17. You start to freak out if you’re not in bed by 10:30…

18. And as such, have been known to leave parties early because bed is calling.

19. People who interrupt your sleep inspire a special kind of rage.

20. You regularly zone out mid task and conversation because you’re too tired to think.

21. You’d literally choose sleep over sex without hesitation.

22. Your bed is your fave place in the world.

23. Let’s face it. If there was a way to make a career out of sleeping, you’d take it in a heartbeat.

Images via giphy.com and tumblr.com.

Do you relate to the struggle of always feeling tired?

 

Tank You, #Fibro

So I read this in News For America

Amazing news!

(for now…)

Fibromyalgia has, throughout history, been incredibly difficult to identify and diagnose because it appears, at first glance, to be something else since its symptoms, which include musculoskeletal pain, fatigue, mood swings, and memory loss, are fairly common.

To provide some perspective 1 in 70 people, mostly women, in the United States actually have fibromyalgia.

There is amazing news though, hyperbaric oxygen treatment has made some game changing progress in medicine for those who have this horrible condition. Researchers from Tel Aviv University found that women who tried hyperbaric oxygen treatments were able to reduce or entirely eliminate  their need for pain medication.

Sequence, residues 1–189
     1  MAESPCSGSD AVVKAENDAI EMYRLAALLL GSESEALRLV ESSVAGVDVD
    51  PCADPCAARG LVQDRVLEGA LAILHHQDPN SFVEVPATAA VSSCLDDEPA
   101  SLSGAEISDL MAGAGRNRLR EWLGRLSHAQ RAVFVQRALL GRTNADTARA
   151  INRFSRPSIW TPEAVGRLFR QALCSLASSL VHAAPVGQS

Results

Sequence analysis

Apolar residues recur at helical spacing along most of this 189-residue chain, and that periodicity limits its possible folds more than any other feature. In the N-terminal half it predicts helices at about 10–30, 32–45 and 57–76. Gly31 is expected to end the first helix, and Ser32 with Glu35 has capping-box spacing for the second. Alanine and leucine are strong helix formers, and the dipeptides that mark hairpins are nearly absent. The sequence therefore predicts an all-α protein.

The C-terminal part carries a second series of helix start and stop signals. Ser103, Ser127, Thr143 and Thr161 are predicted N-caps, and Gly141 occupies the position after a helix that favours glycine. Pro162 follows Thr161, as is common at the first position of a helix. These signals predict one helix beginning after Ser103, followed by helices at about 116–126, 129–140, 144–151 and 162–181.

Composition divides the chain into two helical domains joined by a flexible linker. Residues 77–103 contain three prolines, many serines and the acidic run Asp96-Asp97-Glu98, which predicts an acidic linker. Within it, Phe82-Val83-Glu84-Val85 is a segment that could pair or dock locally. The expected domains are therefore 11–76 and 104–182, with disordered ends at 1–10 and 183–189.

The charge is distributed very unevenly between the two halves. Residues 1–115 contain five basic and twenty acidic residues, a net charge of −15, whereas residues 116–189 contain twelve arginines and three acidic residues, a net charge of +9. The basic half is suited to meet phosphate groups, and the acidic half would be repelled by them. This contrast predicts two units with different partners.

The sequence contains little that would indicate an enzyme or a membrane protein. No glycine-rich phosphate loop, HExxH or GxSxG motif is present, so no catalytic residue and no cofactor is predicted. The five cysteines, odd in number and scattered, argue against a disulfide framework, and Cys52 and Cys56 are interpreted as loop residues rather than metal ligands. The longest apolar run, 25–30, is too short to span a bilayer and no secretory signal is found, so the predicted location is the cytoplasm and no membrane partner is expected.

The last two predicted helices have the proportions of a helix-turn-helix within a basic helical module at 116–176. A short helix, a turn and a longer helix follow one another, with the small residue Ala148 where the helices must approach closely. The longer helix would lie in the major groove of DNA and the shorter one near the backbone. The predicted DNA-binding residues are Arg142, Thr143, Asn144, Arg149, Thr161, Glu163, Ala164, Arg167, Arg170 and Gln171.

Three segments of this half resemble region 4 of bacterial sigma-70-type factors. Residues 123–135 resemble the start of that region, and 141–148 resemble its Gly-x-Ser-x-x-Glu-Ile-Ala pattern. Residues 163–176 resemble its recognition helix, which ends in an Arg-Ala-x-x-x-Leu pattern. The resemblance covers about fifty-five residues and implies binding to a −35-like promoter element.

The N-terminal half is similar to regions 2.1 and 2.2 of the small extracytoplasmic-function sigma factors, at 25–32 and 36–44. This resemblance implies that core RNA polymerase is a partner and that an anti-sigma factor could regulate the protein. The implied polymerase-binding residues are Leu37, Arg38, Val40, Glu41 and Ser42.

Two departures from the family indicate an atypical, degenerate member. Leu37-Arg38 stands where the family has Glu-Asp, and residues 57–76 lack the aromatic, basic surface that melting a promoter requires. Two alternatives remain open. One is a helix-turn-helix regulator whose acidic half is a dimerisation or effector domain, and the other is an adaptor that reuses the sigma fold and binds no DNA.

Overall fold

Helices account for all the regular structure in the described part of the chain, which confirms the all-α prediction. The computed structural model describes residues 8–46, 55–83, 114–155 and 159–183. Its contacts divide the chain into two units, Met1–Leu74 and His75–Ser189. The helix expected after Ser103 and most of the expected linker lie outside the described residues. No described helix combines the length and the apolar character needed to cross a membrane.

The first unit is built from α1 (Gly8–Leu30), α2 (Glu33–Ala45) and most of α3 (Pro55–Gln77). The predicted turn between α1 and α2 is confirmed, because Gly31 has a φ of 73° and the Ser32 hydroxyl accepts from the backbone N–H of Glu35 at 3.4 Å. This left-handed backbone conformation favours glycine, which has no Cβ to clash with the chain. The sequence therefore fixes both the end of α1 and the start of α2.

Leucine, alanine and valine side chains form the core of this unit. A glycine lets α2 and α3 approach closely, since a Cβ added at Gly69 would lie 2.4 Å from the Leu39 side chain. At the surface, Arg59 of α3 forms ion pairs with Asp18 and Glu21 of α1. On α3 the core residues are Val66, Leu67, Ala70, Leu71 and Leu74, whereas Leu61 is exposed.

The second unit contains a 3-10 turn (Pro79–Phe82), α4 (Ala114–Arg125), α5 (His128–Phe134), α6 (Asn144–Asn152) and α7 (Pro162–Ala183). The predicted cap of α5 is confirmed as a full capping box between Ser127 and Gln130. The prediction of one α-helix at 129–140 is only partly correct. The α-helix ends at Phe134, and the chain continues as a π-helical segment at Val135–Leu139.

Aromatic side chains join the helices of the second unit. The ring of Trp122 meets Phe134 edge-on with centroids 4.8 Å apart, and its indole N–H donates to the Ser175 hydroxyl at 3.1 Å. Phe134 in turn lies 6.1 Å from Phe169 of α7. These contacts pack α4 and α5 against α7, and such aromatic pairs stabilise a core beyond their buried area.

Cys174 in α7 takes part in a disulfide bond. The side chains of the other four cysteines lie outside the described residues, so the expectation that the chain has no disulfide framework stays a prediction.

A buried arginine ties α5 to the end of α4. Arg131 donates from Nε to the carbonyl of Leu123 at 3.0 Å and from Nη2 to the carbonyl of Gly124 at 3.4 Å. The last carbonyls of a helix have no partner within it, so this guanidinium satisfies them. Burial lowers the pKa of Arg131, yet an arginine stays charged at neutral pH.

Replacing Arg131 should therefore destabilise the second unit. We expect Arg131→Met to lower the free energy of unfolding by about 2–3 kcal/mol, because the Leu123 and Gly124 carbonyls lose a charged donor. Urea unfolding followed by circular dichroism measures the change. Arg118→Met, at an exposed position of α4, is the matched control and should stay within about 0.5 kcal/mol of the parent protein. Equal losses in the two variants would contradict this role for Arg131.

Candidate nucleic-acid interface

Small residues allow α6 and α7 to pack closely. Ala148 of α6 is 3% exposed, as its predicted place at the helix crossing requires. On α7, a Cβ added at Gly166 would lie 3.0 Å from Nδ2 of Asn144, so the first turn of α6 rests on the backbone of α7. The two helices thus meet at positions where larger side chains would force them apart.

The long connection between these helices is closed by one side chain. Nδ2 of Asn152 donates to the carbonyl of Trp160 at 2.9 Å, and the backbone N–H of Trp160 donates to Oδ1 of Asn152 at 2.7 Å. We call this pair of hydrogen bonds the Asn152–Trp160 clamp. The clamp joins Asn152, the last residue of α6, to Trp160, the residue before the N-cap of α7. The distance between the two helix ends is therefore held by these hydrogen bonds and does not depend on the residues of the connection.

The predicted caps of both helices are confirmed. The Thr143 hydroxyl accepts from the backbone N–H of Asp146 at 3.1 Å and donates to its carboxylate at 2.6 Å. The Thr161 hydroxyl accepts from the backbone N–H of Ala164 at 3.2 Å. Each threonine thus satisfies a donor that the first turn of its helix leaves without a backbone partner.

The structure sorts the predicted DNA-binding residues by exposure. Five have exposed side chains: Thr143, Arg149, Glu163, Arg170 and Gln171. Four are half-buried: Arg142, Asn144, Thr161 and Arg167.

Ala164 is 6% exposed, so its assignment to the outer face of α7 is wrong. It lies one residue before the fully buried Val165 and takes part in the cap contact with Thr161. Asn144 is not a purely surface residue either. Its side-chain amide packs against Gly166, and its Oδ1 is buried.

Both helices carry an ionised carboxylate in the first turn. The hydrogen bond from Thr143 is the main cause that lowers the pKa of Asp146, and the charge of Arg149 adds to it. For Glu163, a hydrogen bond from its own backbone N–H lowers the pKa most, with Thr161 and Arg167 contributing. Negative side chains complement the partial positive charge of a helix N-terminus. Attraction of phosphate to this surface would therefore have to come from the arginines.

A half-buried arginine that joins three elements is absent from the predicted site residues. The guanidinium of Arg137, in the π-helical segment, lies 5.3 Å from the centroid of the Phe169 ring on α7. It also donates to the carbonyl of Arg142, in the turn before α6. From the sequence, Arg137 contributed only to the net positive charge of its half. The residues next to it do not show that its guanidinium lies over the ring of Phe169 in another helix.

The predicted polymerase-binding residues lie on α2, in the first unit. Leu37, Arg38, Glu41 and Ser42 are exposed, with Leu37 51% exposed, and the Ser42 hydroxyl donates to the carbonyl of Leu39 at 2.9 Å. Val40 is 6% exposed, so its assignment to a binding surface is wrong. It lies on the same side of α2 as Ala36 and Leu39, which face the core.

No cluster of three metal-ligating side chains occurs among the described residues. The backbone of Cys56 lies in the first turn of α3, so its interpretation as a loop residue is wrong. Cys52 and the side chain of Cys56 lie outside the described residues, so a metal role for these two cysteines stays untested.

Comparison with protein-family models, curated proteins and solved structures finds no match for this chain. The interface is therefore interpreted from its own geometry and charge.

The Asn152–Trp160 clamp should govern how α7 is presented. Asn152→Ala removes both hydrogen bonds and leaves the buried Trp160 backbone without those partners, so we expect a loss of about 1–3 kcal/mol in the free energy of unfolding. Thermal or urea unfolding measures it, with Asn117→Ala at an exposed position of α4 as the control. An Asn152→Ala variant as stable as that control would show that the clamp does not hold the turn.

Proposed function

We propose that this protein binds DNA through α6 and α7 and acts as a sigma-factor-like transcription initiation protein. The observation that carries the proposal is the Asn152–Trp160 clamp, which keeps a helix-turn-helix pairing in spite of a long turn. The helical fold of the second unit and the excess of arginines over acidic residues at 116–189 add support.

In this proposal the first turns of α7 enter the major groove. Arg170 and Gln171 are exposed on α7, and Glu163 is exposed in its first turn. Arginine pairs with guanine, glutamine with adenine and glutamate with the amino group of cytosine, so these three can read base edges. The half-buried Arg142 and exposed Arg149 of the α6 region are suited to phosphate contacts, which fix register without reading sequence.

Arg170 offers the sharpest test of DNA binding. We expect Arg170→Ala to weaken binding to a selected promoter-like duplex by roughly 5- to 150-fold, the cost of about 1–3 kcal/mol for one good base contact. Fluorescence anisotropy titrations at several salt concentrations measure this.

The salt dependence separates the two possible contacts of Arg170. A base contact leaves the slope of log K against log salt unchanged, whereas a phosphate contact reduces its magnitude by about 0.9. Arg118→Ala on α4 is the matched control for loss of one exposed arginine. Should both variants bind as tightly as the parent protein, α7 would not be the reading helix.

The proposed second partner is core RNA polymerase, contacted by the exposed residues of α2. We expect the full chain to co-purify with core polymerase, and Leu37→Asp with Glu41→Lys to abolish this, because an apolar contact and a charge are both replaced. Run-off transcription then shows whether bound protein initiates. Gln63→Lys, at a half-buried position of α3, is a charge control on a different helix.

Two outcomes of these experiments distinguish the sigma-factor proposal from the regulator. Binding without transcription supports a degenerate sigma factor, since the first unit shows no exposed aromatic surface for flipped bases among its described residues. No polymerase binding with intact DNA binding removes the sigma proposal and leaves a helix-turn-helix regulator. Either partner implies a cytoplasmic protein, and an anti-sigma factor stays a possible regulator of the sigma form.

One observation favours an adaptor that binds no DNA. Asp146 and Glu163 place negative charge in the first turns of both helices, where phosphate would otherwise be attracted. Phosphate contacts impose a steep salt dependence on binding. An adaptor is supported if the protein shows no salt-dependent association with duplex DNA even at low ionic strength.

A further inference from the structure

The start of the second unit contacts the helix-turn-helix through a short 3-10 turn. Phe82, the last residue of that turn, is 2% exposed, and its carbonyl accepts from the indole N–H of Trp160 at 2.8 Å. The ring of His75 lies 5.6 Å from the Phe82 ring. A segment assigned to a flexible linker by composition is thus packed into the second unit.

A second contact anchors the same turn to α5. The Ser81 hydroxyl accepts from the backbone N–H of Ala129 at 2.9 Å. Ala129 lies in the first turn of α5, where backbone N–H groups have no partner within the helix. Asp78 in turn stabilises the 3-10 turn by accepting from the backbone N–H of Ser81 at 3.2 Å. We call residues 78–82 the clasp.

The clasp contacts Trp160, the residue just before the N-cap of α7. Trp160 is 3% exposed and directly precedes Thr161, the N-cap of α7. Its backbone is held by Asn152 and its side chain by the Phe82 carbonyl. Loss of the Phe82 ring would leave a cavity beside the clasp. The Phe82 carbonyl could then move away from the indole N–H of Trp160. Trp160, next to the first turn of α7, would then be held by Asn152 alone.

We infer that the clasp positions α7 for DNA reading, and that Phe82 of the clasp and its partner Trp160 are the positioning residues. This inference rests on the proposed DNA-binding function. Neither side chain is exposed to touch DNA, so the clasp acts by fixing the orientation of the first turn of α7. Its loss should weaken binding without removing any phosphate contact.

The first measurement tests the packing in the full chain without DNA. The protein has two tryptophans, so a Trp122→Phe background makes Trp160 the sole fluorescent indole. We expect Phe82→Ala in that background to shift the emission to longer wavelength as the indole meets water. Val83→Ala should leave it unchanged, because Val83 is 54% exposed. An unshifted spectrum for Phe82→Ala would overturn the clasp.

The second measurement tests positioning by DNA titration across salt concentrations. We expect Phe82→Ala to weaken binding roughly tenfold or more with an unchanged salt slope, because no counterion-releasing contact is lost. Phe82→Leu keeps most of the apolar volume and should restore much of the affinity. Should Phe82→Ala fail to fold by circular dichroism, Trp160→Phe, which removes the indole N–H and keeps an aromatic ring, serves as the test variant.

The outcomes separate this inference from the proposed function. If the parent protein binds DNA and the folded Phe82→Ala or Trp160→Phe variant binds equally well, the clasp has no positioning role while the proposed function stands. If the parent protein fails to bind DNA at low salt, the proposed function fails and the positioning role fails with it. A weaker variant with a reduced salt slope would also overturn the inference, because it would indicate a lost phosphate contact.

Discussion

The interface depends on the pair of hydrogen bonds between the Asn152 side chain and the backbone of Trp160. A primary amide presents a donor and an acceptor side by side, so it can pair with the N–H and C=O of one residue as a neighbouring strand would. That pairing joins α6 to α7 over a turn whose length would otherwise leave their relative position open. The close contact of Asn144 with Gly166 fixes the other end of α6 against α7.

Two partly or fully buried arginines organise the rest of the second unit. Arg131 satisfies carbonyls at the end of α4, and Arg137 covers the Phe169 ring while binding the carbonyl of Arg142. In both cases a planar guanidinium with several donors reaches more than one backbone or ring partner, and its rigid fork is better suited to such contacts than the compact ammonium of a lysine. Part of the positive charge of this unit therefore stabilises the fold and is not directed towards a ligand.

Researchers believe that the primary cause of fibromyalgia is a disruption of brain mechanisms that are responsible for processing pain;

“As a physician, the most important finding for me is that 70 percent of the patients could recover from their fibromyalgia symptoms. The most exciting finding for the world of research, however, is that we were able to map the malfunctioning brain regions responsible for the syndrome… The intake of [the pain medication they were taking] eased the pain but did not reverse the condition. But hyperbaric oxygen treatments did reverse the condition… Hyperbaric oxygen treatments are designed to address the actual cause of fibromyalgia – the brain pathology responsible for the syndrome. 

As you can see this is extraordinary news.

Doctor with Fibromyalgia Wishes People Understood

Reblogged from Weekly AmericaI'm A Doctor With Fibromyalgia. Here's What I Wish People Understood About It Hero Image

Fibromyalgia, a widely misunderstood illness, confuses and frustrates both patients and doctors alike. I know because I’ve seen it from both sides—as both a physician and a woman with the illness myself.

This common chronic disease is characterized by widespread muscle pain, fatigue, and brain fog. It’s estimated that 5 million Americans currently suffer from the disorder, and close to 90 percent of those diagnosed are women.

Still, there remains a lot of confusion about what the illness really is and how it’s treated. Here are five truths about fibromyalgia that are not widely known, even by most doctors: